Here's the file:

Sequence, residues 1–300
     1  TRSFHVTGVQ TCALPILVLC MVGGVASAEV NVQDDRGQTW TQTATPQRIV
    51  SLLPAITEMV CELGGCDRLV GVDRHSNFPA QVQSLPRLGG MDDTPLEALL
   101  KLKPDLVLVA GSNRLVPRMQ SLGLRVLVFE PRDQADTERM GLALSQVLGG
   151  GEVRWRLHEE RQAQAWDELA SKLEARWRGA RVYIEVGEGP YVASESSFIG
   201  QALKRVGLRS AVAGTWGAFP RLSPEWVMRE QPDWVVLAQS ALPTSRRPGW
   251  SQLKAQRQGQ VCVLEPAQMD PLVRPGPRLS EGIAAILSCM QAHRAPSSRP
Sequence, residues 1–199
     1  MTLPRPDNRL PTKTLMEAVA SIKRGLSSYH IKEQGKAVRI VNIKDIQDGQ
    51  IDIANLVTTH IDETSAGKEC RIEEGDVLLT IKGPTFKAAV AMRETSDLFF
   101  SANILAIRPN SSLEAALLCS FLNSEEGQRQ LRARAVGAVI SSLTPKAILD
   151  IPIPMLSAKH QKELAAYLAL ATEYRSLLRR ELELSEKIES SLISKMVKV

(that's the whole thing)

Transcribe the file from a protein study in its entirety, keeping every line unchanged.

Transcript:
Sequence, residues 1–300
     1  TRSFHVTGVQ TCALPILVLC MVGGVASAEV NVQDDRGQTW TQTATPQRIV
    51  SLLPAITEMV CELGGCDRLV GVDRHSNFPA QVQSLPRLGG MDDTPLEALL
   101  KLKPDLVLVA GSNRLVPRMQ SLGLRVLVFE PRDQADTERM GLALSQVLGG
   151  GEVRWRLHEE RQAQAWDELA SKLEARWRGA RVYIEVGEGP YVASESSFIG
   201  QALKRVGLRS AVAGTWGAFP RLSPEWVMRE QPDWVVLAQS ALPTSRRPGW
   251  SQLKAQRQGQ VCVLEPAQMD PLVRPGPRLS EGIAAILSCM QAHRAPSSRP
Sequence, residues 1–199
     1  MTLPRPDNRL PTKTLMEAVA SIKRGLSSYH IKEQGKAVRI VNIKDIQDGQ
    51  IDIANLVTTH IDETSAGKEC RIEEGDVLLT IKGPTFKAAV AMRETSDLFF
   101  SANILAIRPN SSLEAALLCS FLNSEEGQRQ LRARAVGAVI SSLTPKAILD
   151  IPIPMLSAKH QKELAAYLAL ATEYRSLLRR ELELSEKIES SLISKMVKV